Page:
Could Zeppelins Be The Answer To Hydrogen Transportation?

One of the main challenges for the future of hydrogen as a fuel source for air travel is infrastructure. Be that for hydrogen-electric or propulsion architecture relying on liquid H2, the puzzle of transporting the gas safely to airports to fuel aircraft (another matter) needs to be solved. One company believes it is on the way – with a good old-fashioned dirigible. However, the inventors of the H2 Clipper say it is nothing like the airships of old.

H2 Clipper airship
Will hydrogen-powered airships be the solution to hydrogen transportation? Photo: H2 Clipper

Linking production and application

The H2 Clipper is an airship designed to transport pure hydrogen from where it is cheapest to produce to markets where it is needed to support green power projects. The dirigible itself will also be powered by green hydrogen to offer a carbon-free form of transportation and produce zero CO2 emissions.

The company behind the airship says that it will enable shipments of hydrogen and other cargo that will be seven to ten times faster than other modes of transport at a price that will be 70% lower than that of conventional airfreight.

It also attests that the H2 Clipper is uniquely suited to addressing the needs of an emerging hydrogen economy, providing a cost-efficient and dynamically scaleable approach to transporting the gas as demand grows over the following decades. It has trademarked it the ‘Pipeline in the Sky’.

“…(It) is able to scale up through making additional daily trips until the recurring volume of hydrogen being transported justifies investing in the fixed cost of a pipeline or establishing a dedicated supertanker route, at which time the H2 Clipper can simply shift its services to another emerging production site and/or destination,” the people behind the ’21st-century airship’ say.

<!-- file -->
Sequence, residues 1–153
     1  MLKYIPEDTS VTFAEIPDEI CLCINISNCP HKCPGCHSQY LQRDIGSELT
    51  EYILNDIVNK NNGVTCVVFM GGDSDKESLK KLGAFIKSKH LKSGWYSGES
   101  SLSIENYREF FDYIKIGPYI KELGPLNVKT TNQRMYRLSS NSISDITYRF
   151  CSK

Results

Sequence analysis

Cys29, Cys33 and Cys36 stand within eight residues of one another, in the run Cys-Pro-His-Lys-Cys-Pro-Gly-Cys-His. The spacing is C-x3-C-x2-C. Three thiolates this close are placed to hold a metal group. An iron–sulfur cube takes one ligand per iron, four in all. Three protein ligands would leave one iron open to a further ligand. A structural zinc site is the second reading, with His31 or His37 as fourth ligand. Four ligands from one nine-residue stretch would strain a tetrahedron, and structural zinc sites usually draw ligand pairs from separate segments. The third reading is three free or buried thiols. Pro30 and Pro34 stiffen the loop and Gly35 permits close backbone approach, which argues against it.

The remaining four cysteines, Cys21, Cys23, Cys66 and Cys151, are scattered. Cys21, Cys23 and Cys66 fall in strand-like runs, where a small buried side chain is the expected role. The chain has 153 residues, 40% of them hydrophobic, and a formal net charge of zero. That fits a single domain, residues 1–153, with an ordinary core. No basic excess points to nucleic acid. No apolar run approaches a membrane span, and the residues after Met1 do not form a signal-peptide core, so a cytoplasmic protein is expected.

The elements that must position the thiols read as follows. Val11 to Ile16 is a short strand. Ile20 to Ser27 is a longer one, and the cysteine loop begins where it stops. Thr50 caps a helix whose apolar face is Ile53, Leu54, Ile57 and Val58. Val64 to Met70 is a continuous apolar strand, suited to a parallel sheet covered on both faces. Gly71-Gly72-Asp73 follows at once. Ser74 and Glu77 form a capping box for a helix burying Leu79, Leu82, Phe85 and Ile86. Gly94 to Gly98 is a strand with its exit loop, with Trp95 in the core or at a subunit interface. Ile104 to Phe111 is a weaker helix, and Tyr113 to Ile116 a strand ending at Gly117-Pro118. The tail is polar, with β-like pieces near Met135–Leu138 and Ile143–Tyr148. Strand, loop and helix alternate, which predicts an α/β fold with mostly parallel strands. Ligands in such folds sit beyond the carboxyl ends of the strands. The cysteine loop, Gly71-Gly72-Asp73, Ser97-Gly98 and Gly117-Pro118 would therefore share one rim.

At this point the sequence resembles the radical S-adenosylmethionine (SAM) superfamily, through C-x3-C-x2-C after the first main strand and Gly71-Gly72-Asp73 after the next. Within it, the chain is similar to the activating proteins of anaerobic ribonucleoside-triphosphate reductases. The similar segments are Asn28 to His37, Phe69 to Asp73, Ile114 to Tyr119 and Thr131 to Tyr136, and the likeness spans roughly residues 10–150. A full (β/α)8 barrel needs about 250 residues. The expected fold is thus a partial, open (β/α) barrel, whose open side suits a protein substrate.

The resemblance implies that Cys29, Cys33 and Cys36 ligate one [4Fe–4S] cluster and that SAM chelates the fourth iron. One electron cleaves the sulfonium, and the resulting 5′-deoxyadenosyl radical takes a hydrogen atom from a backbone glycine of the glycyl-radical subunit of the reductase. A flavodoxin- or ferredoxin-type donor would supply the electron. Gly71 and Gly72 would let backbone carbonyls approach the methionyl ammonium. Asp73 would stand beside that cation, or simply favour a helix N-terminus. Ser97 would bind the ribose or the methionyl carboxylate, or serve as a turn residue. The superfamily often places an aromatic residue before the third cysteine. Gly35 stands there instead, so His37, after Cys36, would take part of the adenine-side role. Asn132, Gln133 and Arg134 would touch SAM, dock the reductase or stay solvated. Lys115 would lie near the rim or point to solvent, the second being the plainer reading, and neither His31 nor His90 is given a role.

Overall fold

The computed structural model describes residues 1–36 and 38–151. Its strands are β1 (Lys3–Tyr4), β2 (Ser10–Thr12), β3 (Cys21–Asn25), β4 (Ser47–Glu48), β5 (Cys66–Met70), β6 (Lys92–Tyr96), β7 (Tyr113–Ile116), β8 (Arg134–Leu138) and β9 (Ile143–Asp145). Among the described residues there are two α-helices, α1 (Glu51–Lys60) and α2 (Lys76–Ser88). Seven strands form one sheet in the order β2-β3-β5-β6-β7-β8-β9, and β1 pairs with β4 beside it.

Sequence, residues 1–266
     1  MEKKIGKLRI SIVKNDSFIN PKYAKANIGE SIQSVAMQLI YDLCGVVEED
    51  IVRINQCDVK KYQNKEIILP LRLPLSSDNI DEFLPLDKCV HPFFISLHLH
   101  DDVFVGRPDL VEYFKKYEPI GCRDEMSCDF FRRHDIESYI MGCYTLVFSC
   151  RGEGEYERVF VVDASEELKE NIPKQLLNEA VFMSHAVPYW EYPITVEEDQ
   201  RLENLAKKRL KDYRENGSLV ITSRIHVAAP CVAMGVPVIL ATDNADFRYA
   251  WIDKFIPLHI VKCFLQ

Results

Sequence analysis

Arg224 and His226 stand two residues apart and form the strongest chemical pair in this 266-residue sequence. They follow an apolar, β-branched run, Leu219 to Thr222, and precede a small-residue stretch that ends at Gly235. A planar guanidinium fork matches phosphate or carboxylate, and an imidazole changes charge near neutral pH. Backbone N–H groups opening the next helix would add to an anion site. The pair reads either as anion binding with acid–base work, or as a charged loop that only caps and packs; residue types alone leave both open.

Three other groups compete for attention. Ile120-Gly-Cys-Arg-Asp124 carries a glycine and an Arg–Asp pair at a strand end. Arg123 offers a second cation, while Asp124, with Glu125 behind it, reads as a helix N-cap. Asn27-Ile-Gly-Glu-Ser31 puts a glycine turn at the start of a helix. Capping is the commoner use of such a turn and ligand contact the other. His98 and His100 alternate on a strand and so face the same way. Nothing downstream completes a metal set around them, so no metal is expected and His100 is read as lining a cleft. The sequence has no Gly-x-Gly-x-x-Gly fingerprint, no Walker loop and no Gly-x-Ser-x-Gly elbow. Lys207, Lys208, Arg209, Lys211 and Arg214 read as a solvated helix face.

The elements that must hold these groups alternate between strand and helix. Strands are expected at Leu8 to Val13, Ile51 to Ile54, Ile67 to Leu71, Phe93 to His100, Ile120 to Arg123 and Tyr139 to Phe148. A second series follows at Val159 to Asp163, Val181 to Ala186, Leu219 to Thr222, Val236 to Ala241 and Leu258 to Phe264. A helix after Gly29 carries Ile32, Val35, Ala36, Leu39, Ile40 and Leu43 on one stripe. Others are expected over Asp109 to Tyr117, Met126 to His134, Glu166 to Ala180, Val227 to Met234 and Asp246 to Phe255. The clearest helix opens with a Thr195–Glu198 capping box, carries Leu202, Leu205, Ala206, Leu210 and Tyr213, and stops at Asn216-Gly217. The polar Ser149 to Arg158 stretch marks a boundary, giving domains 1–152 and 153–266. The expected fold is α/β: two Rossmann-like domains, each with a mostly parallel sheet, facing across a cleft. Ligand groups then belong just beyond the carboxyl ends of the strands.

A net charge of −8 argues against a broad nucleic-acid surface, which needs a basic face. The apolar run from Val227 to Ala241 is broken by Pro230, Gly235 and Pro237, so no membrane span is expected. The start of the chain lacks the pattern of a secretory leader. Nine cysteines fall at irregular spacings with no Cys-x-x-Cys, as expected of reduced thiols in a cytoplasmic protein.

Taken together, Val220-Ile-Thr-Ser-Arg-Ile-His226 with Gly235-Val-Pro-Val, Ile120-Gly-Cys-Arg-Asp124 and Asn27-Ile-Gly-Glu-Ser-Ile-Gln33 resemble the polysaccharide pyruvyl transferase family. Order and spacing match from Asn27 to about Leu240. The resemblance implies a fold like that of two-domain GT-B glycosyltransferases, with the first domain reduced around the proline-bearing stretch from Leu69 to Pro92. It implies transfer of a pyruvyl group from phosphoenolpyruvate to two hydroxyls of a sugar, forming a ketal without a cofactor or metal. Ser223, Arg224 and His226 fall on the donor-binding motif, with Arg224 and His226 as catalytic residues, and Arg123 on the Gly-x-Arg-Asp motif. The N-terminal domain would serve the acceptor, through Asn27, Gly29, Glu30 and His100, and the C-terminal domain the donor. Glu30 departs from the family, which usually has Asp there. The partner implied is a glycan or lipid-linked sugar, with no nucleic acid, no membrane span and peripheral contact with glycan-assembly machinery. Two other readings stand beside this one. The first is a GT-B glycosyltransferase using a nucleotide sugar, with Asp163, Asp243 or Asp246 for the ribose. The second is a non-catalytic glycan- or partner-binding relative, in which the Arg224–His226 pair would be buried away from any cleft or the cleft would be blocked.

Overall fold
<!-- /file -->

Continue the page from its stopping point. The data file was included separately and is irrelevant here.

Zeppelin Getty Airship
The H2 Clipper will travel much faster than older airships. Photo: Getty Images

In the sky by 2027 with the help of Dassault

The H2 Clipper will use hydrogen fuel cells coupled with electric engines to enable it to fly distances of over 6,000 miles at a speed of 175 miles per hour. It will have a lift capacity of 150 metric tons and a cargo area of 7,500 cubic meters. A detailed design and a prototype are scheduled for 2024. The target for having a fully-fledged airship in the sky has been set for 2027.

To support it in this endeavor, the H2 Clipper company has been selected for inclusion in the Dassault Systémes 3DExperience Lab innovation program. The program focuses on companies that envision a better and more sustainable way of life in alignment with the UN’s Sustainable Development Goals. Projects include whale-safe fishing, detecting neurological pathologies through brain-wave devices, geoponic farming, and mobile charging devices for electric vehicles.

“The aerospace and aviation revolution is being driven by breakthroughs in the use of renewable fuels such as hydrogen, as well as advanced material science and engineering. We are pleased to support H2 Clipper to accelerate maturing these disruptive technologies to serve humankind,” said Frédéric Vacher, Head of Innovation at Dassault Systèmes.

Hindenburg airship disaster getty
Hydrogen-powered zeppelins have to contend with one of the most potent negative public images in history. Photo: Getty Images

The public image legacy to overcome

Of course, airships and hydrogen have history. Say ‘zeppelin,’ and most people’s minds immediately conjure up images of the Hindenburg spectacularly going down in a sea of flames. The 1937 disaster essentially marked an end to the hydrogen-powered passenger-transporting dirigible era. Its powerful imagery aftermath will be a major obstacle to overcome in convincing the public that flying on hydrogen is safe. Perhaps a few years of high-speed zeppelins moving to and fro will contribute to shifting the general perception.